Fogle Fiasco Underscores America's Intelligence Problem
By: Rachel Marsden
PARIS -- Given that no one is officially denying it, it's fairly safe to say
that Russia's domestic security service recently slammed America's foreign spy
service face-first into the Moscow pavement -- blond wig and all -- in the
person of diplomatic staffer and unconfirmed CIA case officer Ryan Fogle.
When you're benefiting from official diplomatic cover and find yourself tucking your hair into a blond wig and heading out with your compass and a written cash-for-treason offer for your target, perhaps you should revise your plan. The asset you recruit should be the one getting his skirt blown up by sales at the House of Wigs -- not you. As it turned out, the "asset" in this instance was carrying handcuffs. How did it all go so wrong?
If Fogle had spent sufficient time immersing himself in the Moscow culture, he would have learned that every guy you sit next to at the local bar is either affiliated in some way with the security services or knows someone who is. Until you're able to confidently ascertain the difference -- which Fogle clearly couldn't -- then you shouldn't be out trying to recruit anyone to spy for America, particularly as brazenly as Fogle did.
It's a safe assumption that someone on an official mission to a foreign country, like Fogle, would have both the means and motive for gathering and transmitting intelligence. In Russia, President Vladimir Putin has even been applying the same presumption of cover to foreign-funded NGOs, targeting them for investigation and audit. Against this backdrop, why would you just go royally Fogle yourself like that? Unless you were unaware of your surroundings because you were busy inside the embassy picking the lint out of your navel.
In his book, "The Human Factor," the pseudonymous Ishmael Jones noted that 90 percent of CIA personnel live and work in America. So only a small percentage of CIA personnel are actually out talking to the locals and cultivating sources in foreign countries. Instead of focusing on human intelligence, we rely too heavily on technological intelligence. Drone hits are based on cell phone traffic and other technological data, which explains why in some instances, news reports have some terrorists "dying" more than once.
Seduction in spying -- that human factor -- has been replaced by technology. Just look at the photo of Fogle kissing the pavement after being apprehended by Russian agents. Is that sexy? Guys like Fogle have had the sexy sucked out of them by agencies that have focused on building massive data centers in an attempt to ascertain what's going on in the world.
The shift is out of proportion to reality. Even in Washington, D.C., a person would have to spend a few years on the cocktail circuit to have any real clue about what's really going on: who talks nonsense, who liberally drops the names of people who never return his calls, who would like to backstab whom, who shares the same chauffeurs, whose kids play soccer together, etc. No technological intel can discern that.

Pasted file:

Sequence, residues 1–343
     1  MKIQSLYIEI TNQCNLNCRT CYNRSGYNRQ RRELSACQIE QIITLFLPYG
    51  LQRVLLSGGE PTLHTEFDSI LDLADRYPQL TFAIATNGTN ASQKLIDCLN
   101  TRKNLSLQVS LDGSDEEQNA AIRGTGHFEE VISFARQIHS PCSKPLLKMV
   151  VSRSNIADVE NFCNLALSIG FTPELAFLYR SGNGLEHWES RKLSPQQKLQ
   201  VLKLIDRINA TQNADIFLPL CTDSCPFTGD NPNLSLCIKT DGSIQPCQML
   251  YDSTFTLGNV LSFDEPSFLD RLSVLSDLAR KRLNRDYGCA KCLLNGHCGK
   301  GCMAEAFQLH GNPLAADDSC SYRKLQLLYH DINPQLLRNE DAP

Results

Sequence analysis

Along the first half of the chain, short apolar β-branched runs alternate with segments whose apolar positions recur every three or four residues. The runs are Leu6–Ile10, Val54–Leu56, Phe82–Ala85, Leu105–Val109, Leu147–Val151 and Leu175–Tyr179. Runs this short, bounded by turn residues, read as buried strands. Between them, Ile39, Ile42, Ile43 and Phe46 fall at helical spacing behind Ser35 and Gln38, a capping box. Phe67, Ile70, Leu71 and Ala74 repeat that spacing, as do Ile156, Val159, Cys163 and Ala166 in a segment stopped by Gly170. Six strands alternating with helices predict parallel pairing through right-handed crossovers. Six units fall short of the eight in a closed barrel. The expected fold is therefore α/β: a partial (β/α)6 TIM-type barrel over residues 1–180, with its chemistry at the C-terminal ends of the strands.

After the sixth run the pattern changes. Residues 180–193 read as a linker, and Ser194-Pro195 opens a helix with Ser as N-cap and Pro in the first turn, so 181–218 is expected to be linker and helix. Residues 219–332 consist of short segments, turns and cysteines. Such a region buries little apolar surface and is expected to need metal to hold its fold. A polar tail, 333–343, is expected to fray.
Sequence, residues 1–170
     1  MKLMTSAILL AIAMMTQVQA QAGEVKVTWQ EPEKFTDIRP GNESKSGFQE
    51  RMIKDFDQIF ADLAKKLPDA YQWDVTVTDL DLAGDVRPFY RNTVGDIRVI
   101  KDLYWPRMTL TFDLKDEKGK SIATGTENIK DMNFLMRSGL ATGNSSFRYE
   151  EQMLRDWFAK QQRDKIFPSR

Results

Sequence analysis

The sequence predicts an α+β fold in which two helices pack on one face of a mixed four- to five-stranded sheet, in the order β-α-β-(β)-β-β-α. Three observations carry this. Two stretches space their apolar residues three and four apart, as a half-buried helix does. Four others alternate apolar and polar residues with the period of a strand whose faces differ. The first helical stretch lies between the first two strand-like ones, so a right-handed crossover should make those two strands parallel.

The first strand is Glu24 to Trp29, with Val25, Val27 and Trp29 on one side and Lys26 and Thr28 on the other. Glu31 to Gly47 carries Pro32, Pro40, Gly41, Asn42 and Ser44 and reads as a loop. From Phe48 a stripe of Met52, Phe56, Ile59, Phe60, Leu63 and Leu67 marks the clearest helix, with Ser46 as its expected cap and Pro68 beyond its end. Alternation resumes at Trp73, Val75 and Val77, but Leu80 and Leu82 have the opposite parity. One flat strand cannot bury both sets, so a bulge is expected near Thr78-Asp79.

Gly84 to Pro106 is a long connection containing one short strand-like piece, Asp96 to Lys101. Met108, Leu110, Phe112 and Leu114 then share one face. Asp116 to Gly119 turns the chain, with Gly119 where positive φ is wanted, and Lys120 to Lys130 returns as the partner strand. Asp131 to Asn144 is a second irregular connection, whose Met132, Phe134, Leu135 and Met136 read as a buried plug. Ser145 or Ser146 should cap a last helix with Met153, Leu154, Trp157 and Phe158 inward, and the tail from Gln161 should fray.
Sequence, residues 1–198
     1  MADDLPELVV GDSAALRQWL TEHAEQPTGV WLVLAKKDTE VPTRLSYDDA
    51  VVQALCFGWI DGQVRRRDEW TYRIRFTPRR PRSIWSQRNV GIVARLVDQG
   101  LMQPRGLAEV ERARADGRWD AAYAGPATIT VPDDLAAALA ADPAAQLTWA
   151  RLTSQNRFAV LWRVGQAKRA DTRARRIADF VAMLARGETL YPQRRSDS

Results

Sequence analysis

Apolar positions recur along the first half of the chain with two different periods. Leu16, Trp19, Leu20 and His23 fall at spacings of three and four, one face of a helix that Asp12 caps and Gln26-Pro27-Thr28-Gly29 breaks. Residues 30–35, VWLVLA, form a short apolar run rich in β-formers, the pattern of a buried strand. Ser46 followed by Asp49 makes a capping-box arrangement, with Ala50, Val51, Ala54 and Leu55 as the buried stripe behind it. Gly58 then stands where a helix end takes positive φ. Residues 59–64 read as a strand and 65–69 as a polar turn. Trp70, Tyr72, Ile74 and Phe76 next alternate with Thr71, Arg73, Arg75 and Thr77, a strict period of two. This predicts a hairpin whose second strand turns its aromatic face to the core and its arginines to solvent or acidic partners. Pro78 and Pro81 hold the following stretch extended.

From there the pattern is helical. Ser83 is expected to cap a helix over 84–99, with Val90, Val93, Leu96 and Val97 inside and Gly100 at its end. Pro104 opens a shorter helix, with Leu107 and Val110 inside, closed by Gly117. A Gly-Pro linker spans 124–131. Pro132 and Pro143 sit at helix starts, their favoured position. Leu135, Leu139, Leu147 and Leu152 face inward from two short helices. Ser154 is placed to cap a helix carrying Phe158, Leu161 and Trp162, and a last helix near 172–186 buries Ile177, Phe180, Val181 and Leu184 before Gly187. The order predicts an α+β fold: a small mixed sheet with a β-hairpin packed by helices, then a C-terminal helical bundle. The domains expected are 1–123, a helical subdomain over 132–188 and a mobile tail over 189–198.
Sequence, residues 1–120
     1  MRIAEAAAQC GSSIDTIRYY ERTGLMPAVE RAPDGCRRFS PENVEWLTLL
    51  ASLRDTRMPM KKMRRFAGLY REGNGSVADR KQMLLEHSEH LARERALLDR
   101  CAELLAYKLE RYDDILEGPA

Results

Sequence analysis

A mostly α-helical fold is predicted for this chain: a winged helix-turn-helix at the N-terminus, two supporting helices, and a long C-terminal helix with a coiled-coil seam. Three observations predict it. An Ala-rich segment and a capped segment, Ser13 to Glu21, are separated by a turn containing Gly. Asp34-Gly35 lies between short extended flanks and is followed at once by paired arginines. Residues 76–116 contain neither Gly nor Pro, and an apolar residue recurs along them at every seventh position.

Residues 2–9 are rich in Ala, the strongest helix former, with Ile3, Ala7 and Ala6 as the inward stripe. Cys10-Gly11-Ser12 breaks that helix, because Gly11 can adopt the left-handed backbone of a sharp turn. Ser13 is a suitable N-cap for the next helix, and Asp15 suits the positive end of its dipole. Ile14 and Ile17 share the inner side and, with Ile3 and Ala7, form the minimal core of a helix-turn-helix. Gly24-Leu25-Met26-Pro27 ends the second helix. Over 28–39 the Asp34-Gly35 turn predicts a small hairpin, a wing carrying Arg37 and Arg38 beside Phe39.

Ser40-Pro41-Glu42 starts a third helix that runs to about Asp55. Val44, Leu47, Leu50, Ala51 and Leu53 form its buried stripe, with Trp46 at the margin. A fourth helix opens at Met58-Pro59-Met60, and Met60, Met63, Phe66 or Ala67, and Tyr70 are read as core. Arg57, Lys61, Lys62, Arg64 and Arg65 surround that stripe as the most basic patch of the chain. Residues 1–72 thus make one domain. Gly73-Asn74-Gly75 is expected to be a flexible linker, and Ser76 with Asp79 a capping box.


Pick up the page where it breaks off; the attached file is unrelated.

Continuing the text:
A person who wanted something important done in Washington -- and I'm not even talking about anything involving outright treason -- would have to be close enough to the person providing the favor to go on vacation with him. That's what Russian spies in America understand and what American spies in Russia apparently don't -- at least if Agent Double-Zero-Fogle is any indication.
Remember the 10 Russian "sleeper" agents who were rounded up in 2010 while working under deep cover in America for the SVR (the Russian CIA)? The most famous of those spies was my former New York City neighbor, Anya Kushchenko (alias: Anna Chapman). Kushchenko made her way westward over several years, first marrying a Brit and obtaining British citizenship, then networking her way up the chain of influence in America as a legitimate businesswoman. She ran an online real estate business out of her apartment in the Wall Street district and would occasionally transmit short-burst radiograms to handlers.
Another of those Russian agents, Lidiya Guryev (alias: Cynthia Murphy), had earned an MBA from Columbia Business School and worked at a Manhattan accounting firm, which put her in contact with white-collar clients, including a venture capitalist friend of Bill and Hillary Clinton.
No blond wigs were involved.
Compare this level of persistence and infiltration with the recorded telephone conversation that Fogle allegedly had with his target: "We have to meet today -- it's impossible tomorrow, only today. ... As I said, you can make up to $1 million a year, or I have $100,000 with me. But it's definitely now. Yes or no? Now."
Whoa, I think I need a cold shower. Next time, Fogle should get the CIA to foot the bill for a bro vacation where he can make his moves more discreetly.